• The leaders said it will be unfair if locals will be locked out of the recruitment and the project sits in their area.
• They also called on the government to ensure compensation of fishermen is done
Coast leaders want the government to give Lamu residents priority in the ongoing recruitment for the multibillion Lapsset project ahead of the official opening next month.
Led by Mombasa Governor Hassan Joho, former Lamu county chief Issa Timammy, and Woman Rep Ruweida Mohamed, the leaders said it will be unfair if locals will be locked out of the jobs when the project sits in their area.
Speaking in Lamu, the leaders also called on the government to ensure the compensation of fishermen, who were highly affected by the Lamu Port Southern Sudan Transport Corridor project, are addressed.
The first three berths of the Lapsset project are complete and President Uhuru Kenyatta is expected to launch them in March.
Residents have lamented that the ongoing recruitment has not favoured the natives and that the 1,000 scholarships for the locals are yet to be fulfilled.
Further, the residents complain that the compensation for fishermen has not been done.
Joho said the Jubilee administration must ensure locals are prioritised in the recruitment.
"These are the conditions. I'm, not the governor here, or MP, but I am a leader from the Coast region and I am telling the Jubilee government to know that the recruitment of Lapsset or port of Lamu must be done in Lamu and the locals be given priority," Joho said.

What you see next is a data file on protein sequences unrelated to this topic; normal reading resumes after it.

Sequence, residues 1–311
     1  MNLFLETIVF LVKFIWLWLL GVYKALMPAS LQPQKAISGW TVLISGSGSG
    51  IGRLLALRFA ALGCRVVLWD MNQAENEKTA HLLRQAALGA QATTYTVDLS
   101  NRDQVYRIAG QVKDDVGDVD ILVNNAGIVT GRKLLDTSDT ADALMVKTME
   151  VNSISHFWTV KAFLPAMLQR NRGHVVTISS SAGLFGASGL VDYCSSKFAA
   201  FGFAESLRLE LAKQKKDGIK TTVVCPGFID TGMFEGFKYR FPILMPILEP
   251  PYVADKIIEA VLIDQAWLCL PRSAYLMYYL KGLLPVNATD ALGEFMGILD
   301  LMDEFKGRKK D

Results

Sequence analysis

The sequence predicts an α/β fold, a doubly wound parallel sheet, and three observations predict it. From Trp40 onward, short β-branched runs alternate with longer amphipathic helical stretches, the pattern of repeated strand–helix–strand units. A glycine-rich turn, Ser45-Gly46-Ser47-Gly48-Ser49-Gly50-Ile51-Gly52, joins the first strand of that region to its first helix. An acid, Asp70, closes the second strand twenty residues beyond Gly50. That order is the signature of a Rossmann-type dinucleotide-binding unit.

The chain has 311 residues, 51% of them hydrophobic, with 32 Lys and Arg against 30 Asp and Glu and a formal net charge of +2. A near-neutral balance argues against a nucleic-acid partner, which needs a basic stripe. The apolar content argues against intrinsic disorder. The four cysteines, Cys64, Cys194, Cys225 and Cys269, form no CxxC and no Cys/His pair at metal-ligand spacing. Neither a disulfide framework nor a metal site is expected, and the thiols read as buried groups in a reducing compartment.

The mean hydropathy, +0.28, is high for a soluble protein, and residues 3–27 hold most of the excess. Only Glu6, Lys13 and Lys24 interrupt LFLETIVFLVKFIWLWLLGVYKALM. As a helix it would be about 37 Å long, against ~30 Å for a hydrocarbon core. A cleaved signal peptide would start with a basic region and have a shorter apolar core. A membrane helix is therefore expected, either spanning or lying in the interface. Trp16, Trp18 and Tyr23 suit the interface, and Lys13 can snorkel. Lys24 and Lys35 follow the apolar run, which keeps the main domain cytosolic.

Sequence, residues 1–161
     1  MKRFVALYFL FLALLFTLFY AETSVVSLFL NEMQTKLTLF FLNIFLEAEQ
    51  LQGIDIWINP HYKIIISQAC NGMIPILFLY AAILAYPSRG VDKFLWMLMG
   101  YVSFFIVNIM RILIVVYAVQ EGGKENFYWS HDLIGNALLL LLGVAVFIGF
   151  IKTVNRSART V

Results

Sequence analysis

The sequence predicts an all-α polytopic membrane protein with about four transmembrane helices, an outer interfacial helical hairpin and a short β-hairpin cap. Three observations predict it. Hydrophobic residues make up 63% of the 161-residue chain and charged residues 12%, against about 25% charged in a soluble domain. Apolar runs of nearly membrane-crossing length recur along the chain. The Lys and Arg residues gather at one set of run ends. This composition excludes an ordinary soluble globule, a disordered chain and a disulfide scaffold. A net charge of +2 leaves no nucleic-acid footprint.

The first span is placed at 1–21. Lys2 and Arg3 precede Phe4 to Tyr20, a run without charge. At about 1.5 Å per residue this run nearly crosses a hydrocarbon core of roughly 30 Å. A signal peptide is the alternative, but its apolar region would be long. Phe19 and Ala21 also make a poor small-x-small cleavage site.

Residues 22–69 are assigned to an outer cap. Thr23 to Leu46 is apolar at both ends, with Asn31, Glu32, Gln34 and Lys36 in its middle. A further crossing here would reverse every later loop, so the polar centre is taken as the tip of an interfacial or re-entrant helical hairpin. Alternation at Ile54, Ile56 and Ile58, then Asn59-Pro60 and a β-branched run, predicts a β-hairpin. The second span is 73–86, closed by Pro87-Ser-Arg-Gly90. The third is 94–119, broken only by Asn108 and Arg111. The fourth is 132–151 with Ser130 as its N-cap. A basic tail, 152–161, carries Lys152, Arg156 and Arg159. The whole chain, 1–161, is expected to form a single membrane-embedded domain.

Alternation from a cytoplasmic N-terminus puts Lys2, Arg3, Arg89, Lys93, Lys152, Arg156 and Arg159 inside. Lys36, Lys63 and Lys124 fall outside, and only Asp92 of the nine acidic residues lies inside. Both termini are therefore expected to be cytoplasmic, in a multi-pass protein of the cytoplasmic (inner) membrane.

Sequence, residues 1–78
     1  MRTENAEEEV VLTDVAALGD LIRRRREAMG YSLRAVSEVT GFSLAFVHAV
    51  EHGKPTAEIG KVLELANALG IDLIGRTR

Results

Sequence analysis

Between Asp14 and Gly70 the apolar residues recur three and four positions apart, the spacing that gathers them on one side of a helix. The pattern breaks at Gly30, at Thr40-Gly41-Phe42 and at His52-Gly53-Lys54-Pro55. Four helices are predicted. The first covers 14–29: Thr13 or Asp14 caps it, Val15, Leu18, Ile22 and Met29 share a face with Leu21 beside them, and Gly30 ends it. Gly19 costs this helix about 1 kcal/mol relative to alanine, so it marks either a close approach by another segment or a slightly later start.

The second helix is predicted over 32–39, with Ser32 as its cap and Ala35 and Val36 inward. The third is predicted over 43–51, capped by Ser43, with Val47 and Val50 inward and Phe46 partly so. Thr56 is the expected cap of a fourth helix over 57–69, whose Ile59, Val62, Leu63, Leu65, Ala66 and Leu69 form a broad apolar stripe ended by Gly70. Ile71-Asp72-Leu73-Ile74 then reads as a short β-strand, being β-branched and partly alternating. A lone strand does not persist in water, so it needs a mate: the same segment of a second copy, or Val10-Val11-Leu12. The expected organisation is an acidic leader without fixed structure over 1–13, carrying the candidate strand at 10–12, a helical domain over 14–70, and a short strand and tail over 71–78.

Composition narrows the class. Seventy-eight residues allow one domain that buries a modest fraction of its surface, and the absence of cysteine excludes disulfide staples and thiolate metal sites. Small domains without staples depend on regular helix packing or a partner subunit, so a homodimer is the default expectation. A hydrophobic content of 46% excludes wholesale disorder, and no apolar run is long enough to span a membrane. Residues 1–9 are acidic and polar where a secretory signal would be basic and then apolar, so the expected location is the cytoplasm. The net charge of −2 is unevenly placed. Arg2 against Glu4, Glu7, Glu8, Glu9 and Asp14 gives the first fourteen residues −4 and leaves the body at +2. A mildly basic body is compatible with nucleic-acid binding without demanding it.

He said the government cannot talk of the economy at the national level and forget about the grassroots economy.
Timamy urged MPs and senators to table the issues of compensation of fishermen in Parliament.
He said the court ruled that the fishermen be compensated, which is yet to be done.
"I am happy we have MPs present so that they can take the issue forward," he said.
Woman Rep Mohamed said she raised a question in Parliament on the issue of compensation but she is yet to get any communication.
The legislator, however, said the CS concerned with the matter would respond to the question and asked fellow MPs to ensure they turn up on the day so that they also get the answers.
She said the government promised to give 1,000 scholarships but only gave 400. The rest have not been given to date.
Kilifi Senator Stewart Madzayo promised to take up the compensation matter to the Senate.
"The issue of Lapsset has to be addressed openly without hiding so that the native Lamu people get jobs at the port," Madzayo said.
He added that even if it means going to the international courts, they are able and have the expertise to follow that route so that locals get justice.
Mombasa Senator Mohamed Faki also said they would stand with the people of Lamu to ensure they get their rights.
"I am a lawyer and retired judge. Madzayo is a lawyer, and all of us will work together, even if it will mean going to court. We will stand with Lamu people until justice is done to them," he said.